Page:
The apparent fraud you assert is being committed by environmental extremists is being committed by "socialist and elitist" members of such "extremist" groups as the Sierra Club and the Audubon Society, both of which have millions of members and supporters (God help us; we're being overrun!). Who then are the "mainstream environmentalists" you say Rep. Hunter alluded to? Answer: OHVers, of course.
What is happening in the dunes is merely the perfectly legal exercise of, among others, the Federal Land Management Policy Act, the Endangered Species Act, Executive Orders 11644 and 11989, and the U.S. Constitution, as well the execution of the legal mandates of the President's Council on Environmental Quality, the Department of the Interior and the BLM.
You are correct in saying "Americans DO have every right to use public lands designated for off-road use." Few if any of us "extremists" suggest this is not the case. The key distinction between your comment and mine is the word "designated." It is the legal obligation of the BLM to prepare a mangement plan for the dunes, which must take into account a variety of laws and agency policies as well as the opinions of ALL members of the public who wish to comment. If you're looking for cases of how Americans are being raped on their public lands, you will more likely find them where OHV use is permitted statewide and across the nation.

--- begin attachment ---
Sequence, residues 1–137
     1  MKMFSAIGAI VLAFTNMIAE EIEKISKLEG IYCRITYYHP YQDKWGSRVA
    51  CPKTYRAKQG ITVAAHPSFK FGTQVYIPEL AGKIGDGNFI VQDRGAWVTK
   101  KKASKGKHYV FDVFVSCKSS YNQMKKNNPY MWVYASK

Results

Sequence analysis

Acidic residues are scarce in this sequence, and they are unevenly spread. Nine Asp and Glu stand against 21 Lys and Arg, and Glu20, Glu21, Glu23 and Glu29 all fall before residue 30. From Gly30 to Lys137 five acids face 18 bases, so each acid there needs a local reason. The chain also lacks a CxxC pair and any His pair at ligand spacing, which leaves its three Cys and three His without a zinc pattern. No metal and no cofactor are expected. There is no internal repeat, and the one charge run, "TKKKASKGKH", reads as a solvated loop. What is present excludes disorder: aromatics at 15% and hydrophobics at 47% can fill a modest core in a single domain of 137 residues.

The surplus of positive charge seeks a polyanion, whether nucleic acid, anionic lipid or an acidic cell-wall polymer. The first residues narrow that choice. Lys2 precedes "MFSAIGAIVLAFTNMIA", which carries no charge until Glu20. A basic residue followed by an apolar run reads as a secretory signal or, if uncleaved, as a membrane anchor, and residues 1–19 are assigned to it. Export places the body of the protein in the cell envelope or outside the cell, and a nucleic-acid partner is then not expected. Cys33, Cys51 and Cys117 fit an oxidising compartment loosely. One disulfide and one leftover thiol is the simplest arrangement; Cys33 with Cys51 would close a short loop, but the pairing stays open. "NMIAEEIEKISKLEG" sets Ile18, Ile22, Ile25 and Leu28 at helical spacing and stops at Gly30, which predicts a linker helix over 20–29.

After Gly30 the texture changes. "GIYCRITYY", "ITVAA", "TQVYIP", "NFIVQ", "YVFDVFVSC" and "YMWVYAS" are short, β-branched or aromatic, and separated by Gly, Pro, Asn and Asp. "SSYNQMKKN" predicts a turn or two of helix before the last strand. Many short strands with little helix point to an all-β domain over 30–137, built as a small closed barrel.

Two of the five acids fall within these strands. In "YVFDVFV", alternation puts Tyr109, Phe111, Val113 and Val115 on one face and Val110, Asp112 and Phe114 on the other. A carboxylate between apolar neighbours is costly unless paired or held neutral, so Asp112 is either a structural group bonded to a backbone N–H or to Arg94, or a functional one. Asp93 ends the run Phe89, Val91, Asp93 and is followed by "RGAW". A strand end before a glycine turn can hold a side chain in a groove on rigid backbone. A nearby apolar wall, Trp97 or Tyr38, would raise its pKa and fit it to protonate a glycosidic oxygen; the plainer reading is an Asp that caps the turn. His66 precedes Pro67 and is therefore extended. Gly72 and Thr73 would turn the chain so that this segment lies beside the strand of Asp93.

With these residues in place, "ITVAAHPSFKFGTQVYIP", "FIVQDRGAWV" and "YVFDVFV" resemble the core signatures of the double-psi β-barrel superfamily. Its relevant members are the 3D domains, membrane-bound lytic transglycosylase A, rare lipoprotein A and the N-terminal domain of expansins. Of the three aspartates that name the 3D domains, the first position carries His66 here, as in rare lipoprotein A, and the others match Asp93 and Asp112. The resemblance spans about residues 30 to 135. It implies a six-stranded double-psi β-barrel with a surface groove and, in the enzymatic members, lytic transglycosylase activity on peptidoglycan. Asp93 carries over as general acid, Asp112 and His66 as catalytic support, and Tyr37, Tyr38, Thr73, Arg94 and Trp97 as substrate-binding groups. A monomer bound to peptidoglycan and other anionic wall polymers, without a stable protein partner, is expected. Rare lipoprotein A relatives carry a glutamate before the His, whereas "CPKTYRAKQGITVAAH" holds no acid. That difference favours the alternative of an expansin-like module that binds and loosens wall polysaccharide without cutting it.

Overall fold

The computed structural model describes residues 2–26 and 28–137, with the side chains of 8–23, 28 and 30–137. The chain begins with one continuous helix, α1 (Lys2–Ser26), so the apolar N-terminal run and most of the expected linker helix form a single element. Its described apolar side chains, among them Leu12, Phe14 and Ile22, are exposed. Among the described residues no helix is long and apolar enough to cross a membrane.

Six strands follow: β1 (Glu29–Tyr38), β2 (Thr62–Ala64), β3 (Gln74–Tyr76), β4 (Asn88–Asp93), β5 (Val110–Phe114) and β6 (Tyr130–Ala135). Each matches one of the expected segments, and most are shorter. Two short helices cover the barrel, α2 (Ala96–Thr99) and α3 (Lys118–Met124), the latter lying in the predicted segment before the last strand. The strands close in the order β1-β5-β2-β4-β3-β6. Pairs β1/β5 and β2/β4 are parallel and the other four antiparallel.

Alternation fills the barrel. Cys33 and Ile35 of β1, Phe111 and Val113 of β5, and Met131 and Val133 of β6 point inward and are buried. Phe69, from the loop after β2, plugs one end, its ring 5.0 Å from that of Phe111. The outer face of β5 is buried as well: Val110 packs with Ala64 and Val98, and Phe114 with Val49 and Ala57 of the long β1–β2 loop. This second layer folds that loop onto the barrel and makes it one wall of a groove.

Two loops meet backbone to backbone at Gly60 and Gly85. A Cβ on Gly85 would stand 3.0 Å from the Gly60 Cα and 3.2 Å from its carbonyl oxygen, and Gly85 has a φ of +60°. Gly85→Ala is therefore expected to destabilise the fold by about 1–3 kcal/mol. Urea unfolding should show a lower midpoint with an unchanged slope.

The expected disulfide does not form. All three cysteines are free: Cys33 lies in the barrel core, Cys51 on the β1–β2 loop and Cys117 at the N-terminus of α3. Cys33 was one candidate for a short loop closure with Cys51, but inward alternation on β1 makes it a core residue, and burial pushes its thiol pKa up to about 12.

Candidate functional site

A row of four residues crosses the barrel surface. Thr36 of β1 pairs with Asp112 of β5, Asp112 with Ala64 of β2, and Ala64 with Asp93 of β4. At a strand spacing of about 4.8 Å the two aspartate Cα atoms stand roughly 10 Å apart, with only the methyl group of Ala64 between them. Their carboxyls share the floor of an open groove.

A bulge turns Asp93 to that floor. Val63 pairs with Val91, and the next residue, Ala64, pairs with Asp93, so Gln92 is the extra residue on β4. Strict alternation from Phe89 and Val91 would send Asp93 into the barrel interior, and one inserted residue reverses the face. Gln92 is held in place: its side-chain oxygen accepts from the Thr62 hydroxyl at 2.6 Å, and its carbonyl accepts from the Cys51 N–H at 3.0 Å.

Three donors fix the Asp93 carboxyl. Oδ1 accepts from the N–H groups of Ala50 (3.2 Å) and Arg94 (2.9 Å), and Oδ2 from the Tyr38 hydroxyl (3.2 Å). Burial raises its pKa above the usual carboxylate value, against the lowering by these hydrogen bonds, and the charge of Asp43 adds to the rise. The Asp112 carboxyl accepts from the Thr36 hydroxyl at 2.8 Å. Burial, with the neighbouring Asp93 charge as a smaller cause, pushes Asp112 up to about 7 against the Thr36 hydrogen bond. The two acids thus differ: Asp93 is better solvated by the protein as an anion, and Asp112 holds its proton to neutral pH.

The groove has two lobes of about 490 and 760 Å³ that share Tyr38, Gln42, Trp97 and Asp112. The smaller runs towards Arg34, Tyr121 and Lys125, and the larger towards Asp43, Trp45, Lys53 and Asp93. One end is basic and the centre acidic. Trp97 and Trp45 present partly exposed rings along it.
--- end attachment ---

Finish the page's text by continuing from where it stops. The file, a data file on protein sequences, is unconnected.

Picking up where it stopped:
Over 100,000 miles of roads and trails and hundreds of thousands of acres of open areas are available to OHVers in California. The environmental impacts to these areas have been documented. Yet OHVers still feel "raped" when environmentalists propose designating 50 percent of the dunes for OHV use as opposed to the historical 70.
In a March 1998 state parks survey and report, Public Opinions and Attitudes on Outdoor Recreation in California 1997, respondents not only indicated hiking, nature study and camping were the most popular uses for public lands but they felt 100,000 miles of roads and trails for off-road vehicles was far too excessive.
Where is the benefit to the public at large from the tax dollars spent on managing the people and the dunes due to increasing use, apparently done with few if any fees or permits? Is asking that land be designated as wilderness or for non-OHV use a deceitful attempt to close public lands? Of course not. I contend your use of such language as "extreme, unethical and illusionist tactics to land grab" is itself quite extremist and perhaps the result of Rep. Hunter's political puppeteering skills.
Your "use it or lose it" view of public lands harks back to the mentality of the U.S. policy of manifest destiny, which had obvious non-beneficial effects on the original campers and backpackers of that time. As enlightened as Theodore Roosevelt and Gifford Pinchot were regarding conservation policies, that was a century ago. There are a great many more Americans around now who have found new technologically expedient ways to degrade the environment.
Nothing stays the same; that's the ultimate rule of nature. If we do not adopt some preservationist policies into all public land use, including those managed by BLM, nothing will be here very soon.